As I said the place was crowded and my eye caught the feet of the two women dancing to my right. Their feet were in time and as they performed a complex routine which seemed to consist of moving in a cross shape and reminded me of the start of the film Viridiana. Just after the titles when we see a girl skipping and singing, her feet describe a cross as she skips. This was just like that, save there were two of them and as I looked at their faces I suspected they were with the band. They were just too cool to be from round here.
I was enjoying their dancing as much as the music when Claire returns looking weird, her mouth a line, she does not look happy-even for Claire. I lock eyes but before I can speak Claire says: “That man over there, don’t look! The one with the little girl, you know we saw them earlier” I nod. “He just exposed himself at me. I was coming back from the toilet and he was standing there in the trees. He said “Look at this” and exposed himself. Don’t look.”
This was not what I had expected. I went to put my arms around her-“Don’t do that!” Claire snapped “These people want you to be excited by their actions, it justifies what they do. Don’t touch me, and don’t look over.”
The music was forgotten now. I thought, Christ, what am I supposed to do? “I’ll go and have a word with him.”
“You will not. I am not having a scene.” Claire had raised her voice and was looking everywhere but in the direction of the man. “They get off on this.”
“Look. I’ll go over and have a word, tell him it’s out of order.” I was thinking he may have the weight but I am younger and taller with a longer reach. Then I think-what am I saying? Do I really think I am going to fight with this bloke?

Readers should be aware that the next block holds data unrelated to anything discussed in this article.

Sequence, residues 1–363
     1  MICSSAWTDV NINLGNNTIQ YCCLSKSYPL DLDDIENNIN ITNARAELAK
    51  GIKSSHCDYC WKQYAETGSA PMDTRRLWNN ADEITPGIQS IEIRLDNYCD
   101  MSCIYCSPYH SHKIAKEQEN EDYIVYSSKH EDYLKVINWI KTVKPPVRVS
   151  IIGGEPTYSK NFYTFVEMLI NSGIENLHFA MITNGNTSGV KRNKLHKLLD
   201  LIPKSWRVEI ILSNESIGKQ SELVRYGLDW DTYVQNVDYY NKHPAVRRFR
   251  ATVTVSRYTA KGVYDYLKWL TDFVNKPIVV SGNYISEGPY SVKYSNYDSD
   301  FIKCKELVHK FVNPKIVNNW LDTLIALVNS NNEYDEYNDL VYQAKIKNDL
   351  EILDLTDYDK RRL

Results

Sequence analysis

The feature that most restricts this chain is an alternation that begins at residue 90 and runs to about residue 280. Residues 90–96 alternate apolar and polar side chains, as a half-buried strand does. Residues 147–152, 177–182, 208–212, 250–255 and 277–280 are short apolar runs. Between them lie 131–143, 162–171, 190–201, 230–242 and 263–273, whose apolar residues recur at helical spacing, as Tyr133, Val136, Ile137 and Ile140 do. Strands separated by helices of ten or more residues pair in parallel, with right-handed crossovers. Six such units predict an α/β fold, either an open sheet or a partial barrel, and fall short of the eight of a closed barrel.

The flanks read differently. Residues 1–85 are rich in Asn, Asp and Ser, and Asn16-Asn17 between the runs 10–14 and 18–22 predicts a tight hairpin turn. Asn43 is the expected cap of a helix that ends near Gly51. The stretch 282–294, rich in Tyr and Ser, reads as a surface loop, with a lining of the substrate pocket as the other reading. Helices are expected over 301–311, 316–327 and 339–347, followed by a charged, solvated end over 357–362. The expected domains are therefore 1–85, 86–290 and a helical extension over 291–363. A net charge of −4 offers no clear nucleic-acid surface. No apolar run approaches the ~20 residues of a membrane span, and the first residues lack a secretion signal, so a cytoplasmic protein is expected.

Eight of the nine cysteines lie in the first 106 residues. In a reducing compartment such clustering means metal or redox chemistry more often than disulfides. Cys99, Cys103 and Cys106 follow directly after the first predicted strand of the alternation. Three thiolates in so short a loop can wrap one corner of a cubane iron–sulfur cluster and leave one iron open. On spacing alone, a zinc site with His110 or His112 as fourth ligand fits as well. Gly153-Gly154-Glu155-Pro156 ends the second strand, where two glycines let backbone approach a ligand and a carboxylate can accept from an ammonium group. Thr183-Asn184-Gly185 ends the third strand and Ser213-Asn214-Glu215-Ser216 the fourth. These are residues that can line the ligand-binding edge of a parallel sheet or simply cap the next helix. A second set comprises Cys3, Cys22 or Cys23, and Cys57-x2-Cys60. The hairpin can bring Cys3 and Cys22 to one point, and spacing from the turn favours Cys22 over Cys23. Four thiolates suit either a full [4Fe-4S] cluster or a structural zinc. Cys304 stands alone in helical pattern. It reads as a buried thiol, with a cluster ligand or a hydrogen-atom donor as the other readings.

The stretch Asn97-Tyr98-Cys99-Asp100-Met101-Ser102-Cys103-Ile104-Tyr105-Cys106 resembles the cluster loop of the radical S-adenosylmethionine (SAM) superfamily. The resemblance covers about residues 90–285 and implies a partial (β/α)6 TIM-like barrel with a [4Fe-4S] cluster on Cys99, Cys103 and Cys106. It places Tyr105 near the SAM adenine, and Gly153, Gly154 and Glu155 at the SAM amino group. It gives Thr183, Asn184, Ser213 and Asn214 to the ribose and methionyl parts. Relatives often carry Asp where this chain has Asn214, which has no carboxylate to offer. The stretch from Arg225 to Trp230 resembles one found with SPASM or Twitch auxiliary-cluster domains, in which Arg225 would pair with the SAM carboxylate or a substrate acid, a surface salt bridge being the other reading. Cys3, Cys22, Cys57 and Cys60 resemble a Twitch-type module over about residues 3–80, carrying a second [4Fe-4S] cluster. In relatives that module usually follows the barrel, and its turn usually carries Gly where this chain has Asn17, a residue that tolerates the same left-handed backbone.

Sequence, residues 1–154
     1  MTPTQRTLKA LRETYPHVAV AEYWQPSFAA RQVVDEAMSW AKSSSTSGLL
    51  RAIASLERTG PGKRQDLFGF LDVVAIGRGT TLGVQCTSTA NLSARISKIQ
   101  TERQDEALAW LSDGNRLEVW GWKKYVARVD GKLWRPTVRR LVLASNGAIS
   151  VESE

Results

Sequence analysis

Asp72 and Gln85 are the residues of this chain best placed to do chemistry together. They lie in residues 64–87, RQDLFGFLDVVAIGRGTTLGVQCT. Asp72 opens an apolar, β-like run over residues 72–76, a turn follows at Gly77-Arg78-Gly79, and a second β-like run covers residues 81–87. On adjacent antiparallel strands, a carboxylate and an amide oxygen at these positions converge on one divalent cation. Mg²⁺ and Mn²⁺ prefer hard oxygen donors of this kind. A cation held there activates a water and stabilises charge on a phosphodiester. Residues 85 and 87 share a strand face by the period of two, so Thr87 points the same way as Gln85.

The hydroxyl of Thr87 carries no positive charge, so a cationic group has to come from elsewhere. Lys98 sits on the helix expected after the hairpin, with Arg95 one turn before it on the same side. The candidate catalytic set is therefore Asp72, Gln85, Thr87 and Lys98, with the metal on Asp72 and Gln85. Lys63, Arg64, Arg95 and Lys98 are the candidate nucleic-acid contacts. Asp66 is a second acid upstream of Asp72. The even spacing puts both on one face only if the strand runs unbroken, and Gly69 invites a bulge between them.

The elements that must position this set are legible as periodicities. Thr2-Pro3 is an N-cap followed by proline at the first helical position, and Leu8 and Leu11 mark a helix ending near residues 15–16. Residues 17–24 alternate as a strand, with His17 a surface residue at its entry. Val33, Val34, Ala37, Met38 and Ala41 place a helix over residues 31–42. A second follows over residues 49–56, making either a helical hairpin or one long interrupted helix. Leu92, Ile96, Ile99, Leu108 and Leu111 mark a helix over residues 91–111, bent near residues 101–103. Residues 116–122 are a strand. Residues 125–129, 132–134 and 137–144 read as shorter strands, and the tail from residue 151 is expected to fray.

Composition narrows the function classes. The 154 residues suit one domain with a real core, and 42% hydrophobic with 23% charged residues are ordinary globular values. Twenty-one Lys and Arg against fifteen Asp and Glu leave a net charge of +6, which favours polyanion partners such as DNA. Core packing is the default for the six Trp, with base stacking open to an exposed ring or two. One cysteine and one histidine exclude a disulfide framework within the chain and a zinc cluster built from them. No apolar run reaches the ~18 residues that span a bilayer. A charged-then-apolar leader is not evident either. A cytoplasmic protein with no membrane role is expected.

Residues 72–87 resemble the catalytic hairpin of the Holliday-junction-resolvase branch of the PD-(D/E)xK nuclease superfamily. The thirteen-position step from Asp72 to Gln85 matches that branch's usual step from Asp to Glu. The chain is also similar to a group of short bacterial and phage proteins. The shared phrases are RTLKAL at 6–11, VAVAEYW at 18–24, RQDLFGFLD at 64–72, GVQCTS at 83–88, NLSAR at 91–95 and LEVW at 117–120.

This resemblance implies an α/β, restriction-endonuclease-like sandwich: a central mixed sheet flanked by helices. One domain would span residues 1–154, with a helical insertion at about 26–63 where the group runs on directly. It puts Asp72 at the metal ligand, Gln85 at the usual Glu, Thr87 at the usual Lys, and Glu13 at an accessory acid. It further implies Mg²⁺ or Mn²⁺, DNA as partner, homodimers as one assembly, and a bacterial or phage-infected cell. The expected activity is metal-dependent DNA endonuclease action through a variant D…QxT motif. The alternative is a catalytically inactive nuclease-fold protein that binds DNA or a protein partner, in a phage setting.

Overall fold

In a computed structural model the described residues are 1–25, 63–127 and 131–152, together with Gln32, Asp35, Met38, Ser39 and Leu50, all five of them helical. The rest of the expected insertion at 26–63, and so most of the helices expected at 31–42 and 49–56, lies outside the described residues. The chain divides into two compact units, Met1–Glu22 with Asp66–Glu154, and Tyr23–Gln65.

The Combia band finishes their set. The tent is quiet once the locals stop clapping, there are no encores tonight, too much music to get through.
Claire was speaking again, her words fast, choppy. “That woman looks beaten down. That’s what these bastards do. They strip you of your power. I feel sick, the way he was pawing that little girl. What can I do? You are not going over there making a scene. He will only twist it around and make me look wrong. What can I do?”
I listen to all of this, my heart sinks. You are somewhere else tonight as well as here, but I am not brave enough to ask where. Do I even want to know? We stand there talking, arguing about what to do. Claire waves her social work training in my face once more, that and her years working for the NHS. I feel out of my depth. The night started out as one thing and has turned into something else. What should have been a relaxed evening of music has mutated into some lesson on sexual perversions.
I try to hold Claire. “I told you don’t give that man any signs that I liked it! That’s what he wants”.
My hands fall to my sides, I glance at the stage, and the changeover of equipment seems to be taking an age. “Shall we go home?” I say, though I am not sure I want to. I can see another sleepless night stretching in front of me as I try to keep awake and Claire finds fault with everything, especially me. Some nights she is just like that and this has all the makings of one of those nights.
The metal band crank it out. We leave the tent, the leather boys at the front are going for it. All air guitars and rocker moves. I secretly glance at the man. He is holding the little girl in his arms, she appears to be asleep she is so still.
The night feels cold after the muggy tent though this is July. I try to put my arm around her shoulders she brushes me off. “I told you, no!” Claire looks small and vulnerable and in some other place. I think that I am in for a sleepless night of accusations. I am in no hurry to go back to the rented cottage.
“I should tell the woman, but she looks so beaten down. That’s what these men do, chip away at your core until you are just a husk and too bloody frightened to say anything. Men are disgusting. What should I do?” I move to say something, she cuts me off. “You’re no bloody use. What should I do?” Claire’s voice rises, she becomes even more distressed.
A sickle moon is in the sky, skeletal it seems to hang above the tent. Now the music is so loud I imagine it repelling the moon, the waves of sound pushing the moon from its orbit. Save there are no sound waves in space and they can’t hear you scream. I think I want to scream. I am in a field in Wales, the evening lies in ruins around me, and Claire has made the space between us even greater that it was. There will be no sleep tonight.